Grandmaster Flash and the Furious Five, "The Adventures of Grandmaster Flash on the Wheels of Steel" (1981)
I've only had one pugilistic episode with my older cousin David, back when we were kids. If there was a surefire way you wanted to get my goat? All you had to do was prove that you thought you were a better music expert than I was. Actually, what irked me more was when non-musical experts insisted their word was law. David asked me if I ever heard the song "Fab 5 Freddy" – so he proceeds to recite the lyrics, "Fab 5 Freddy told me everybody's fly/DJs spinnin', I said, 'My my'/Flash is fast, Flash is fast, Flash is fast, Flash is cool . . ." What self-respecting Blondie fan would mangle the lyrics to "Rapture" like that? I corrected him the best, most condescending way any 10-year-old critic could: "She doesn't repeat 'Flash is fast' like that, she says it once." David protested that she did say it three times, and what does Dagwood's wife have to do with this song, I'm talking about Grandmaster Flash . . .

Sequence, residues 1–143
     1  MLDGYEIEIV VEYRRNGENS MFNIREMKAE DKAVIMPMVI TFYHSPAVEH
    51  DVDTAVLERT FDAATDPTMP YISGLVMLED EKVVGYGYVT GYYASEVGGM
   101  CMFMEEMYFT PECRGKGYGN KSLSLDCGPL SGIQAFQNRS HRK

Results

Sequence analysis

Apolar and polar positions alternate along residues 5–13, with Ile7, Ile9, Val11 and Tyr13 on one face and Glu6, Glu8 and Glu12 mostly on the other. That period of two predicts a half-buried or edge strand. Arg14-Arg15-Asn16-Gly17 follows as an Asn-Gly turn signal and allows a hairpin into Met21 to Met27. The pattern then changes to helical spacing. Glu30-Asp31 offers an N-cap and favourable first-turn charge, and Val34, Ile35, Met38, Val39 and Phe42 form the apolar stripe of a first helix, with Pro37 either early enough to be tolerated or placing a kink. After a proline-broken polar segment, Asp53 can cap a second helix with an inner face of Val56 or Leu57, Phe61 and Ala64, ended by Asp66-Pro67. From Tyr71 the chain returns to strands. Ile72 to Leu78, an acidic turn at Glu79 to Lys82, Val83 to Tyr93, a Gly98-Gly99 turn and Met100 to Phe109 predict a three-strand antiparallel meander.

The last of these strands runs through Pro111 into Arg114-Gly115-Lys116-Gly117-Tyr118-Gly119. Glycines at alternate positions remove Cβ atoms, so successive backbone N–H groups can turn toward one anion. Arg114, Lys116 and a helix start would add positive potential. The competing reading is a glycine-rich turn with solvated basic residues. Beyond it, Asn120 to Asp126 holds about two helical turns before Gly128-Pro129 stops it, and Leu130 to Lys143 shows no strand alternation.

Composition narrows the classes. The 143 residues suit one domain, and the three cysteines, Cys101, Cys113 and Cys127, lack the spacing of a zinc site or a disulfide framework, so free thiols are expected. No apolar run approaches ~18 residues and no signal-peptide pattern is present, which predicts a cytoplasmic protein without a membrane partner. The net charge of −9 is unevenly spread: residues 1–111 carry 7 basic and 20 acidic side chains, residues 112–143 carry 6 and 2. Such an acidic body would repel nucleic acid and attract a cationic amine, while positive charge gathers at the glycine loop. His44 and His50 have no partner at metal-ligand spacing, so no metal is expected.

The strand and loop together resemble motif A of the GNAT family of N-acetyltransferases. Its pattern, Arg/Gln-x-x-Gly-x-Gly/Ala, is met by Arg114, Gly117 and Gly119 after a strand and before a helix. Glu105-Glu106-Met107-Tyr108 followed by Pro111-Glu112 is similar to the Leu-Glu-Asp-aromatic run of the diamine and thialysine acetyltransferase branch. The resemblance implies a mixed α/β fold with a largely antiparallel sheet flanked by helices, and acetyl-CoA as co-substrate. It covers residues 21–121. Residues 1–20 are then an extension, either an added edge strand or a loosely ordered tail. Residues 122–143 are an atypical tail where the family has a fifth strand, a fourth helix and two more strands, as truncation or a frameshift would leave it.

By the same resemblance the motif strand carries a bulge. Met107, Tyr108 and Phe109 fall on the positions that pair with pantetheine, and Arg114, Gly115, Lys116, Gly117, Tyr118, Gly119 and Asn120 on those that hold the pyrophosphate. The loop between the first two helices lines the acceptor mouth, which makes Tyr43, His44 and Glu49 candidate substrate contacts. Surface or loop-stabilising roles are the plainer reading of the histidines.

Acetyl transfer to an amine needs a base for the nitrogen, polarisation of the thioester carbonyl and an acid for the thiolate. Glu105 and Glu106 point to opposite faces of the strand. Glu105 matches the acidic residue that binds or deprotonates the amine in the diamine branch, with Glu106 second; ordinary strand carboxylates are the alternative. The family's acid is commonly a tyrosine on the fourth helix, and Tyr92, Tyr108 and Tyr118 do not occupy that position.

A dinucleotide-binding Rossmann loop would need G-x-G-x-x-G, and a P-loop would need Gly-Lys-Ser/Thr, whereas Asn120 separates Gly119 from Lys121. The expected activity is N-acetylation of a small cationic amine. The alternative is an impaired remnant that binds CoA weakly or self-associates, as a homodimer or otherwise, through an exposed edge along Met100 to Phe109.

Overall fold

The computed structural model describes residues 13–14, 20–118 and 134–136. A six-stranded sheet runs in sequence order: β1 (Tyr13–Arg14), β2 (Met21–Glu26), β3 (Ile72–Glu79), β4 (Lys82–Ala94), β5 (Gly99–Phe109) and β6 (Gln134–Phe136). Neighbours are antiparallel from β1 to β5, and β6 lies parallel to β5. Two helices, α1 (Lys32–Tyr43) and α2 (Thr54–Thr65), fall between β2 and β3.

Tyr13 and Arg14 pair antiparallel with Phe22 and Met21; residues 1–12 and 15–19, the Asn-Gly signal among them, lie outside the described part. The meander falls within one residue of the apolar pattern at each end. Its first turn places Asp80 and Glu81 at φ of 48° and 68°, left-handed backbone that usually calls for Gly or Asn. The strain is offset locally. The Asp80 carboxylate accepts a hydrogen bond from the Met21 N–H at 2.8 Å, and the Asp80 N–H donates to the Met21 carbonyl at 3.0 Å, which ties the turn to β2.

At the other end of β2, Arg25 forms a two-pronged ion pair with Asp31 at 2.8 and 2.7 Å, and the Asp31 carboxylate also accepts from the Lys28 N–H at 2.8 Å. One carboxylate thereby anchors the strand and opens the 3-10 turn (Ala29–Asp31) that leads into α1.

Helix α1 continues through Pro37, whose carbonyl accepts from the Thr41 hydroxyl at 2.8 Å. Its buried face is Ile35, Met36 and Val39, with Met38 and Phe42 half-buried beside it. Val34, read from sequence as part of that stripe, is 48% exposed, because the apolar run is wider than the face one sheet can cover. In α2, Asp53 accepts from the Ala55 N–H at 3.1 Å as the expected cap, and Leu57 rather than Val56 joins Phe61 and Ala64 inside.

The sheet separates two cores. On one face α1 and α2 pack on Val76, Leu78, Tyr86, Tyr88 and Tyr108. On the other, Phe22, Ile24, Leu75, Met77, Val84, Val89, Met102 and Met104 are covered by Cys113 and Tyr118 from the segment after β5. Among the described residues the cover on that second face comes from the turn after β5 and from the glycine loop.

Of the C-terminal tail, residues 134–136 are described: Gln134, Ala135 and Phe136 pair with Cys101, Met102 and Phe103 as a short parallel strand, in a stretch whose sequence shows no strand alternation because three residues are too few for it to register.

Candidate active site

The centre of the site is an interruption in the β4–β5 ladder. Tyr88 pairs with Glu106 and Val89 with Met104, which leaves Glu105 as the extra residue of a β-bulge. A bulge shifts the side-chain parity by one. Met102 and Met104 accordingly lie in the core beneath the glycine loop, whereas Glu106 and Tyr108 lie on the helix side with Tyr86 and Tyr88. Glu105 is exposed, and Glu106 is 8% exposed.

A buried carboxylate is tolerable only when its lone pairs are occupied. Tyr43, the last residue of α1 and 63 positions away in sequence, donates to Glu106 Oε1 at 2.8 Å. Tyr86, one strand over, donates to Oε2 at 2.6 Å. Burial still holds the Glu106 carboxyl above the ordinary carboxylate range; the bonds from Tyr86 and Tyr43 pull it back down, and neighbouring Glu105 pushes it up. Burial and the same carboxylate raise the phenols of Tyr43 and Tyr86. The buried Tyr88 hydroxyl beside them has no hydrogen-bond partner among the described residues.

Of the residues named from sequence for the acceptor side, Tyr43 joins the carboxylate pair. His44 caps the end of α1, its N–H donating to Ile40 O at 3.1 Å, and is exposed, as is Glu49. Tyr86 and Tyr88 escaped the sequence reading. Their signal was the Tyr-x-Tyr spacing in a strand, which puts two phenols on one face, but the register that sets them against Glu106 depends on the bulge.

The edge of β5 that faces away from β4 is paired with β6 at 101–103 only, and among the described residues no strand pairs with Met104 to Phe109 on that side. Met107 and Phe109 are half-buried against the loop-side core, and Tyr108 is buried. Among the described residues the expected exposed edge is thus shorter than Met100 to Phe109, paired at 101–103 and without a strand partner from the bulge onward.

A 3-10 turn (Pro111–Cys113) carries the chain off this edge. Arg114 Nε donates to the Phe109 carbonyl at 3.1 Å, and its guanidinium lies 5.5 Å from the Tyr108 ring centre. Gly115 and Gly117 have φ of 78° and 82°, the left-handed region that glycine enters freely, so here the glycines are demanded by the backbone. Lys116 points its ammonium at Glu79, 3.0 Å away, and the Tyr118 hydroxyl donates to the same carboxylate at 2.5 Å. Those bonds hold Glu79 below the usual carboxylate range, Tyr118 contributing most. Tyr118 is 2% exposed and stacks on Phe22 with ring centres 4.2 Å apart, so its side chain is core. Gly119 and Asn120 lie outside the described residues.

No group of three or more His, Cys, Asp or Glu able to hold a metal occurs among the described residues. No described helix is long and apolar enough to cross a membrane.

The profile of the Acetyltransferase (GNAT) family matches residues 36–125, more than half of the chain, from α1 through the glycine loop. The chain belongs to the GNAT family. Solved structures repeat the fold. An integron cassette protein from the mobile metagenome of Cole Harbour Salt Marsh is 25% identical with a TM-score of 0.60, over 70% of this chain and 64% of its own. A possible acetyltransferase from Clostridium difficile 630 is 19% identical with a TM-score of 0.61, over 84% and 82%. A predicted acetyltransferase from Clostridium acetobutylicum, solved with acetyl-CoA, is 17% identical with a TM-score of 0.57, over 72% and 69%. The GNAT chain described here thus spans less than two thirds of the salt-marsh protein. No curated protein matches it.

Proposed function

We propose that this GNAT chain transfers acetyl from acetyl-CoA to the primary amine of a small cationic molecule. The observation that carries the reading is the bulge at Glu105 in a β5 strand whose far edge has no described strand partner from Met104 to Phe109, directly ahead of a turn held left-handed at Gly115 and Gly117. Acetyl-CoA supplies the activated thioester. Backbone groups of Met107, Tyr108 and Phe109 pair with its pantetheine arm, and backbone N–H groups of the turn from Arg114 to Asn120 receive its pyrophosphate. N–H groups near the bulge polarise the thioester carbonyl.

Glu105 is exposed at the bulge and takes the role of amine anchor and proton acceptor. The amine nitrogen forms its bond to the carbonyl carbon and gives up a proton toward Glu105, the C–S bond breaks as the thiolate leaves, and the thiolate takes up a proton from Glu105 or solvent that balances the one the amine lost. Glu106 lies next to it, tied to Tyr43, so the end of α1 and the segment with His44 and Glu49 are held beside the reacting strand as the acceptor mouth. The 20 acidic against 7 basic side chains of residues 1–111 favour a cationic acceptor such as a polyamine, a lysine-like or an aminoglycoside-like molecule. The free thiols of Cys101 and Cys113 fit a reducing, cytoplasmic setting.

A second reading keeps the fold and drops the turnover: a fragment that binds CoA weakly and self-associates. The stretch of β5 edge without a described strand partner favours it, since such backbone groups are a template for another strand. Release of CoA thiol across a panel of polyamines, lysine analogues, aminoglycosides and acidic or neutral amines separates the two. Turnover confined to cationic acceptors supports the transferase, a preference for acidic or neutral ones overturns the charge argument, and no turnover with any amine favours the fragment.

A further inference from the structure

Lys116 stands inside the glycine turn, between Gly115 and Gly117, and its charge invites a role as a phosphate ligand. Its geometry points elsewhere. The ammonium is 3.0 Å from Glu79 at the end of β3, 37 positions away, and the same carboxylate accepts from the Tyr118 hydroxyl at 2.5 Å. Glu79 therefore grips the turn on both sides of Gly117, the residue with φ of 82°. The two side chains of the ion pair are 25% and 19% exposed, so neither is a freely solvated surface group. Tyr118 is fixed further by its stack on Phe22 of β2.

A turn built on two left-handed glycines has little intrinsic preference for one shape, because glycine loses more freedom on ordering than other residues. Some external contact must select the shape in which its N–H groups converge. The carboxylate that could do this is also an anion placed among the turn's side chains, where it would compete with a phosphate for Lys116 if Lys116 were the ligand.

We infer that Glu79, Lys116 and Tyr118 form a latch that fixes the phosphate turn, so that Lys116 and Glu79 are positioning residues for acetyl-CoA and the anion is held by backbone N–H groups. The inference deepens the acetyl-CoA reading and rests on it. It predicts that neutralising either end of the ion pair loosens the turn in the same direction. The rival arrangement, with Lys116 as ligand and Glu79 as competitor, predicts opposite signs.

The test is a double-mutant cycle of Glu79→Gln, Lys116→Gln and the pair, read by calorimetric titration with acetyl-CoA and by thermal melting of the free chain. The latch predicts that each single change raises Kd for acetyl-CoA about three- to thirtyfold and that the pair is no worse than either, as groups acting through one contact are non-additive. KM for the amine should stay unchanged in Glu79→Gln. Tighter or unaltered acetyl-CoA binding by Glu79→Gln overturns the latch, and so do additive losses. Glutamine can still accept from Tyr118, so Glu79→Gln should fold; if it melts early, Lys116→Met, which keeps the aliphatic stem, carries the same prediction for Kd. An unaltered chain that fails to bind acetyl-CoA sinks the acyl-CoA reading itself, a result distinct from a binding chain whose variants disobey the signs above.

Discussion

I'll spare you guys the Abbot & Costello "Who's on first?!" routine and cut to 40 minutes later, when we are sneaking on my dad's (do not ever touch my) turntable so David could show me exactly how "Flash was fast." Lemme just put it this way: summer of '81, longest punishment ever. In hindsight, though, I was willing to suffer for Grand Wizzard Theodore's sins. When finally allowed out the house seven days later, I officially got to hear what David was talking about. "The Adventures of Grandmaster Flash on the Wheels of Steel" represents the first example of cuttin' and scratching. A five-minute history of what a night in the Bronx musta been like. Remember – live bands were called in to recreate the breaks once hip-hop went in the studio in '79. Technology wasn't up to par for turntables to be used in the studio back then. Because I owned every last record that Flash used – I'm still kinda curious what made my parents buy Incredible Bongo Band's "Apache" in a non-hip-hop-DJ context – i spent that entire summer trying to match that mix note for note on two Fisher Price turntables I'd had since childhood. My dad would often offer his two cents, shaking his head in disappointment with that jigga-jigga-jigga noise he was hearing. He added in that I needed to "spend more time on them drums instead of destroying all them good records," 'cause "ain't no future in these records people done already made." I should be making music instead, 'cause "there ain't a living spinning other people's music." Oh, little did you know, Dad. Little did you know.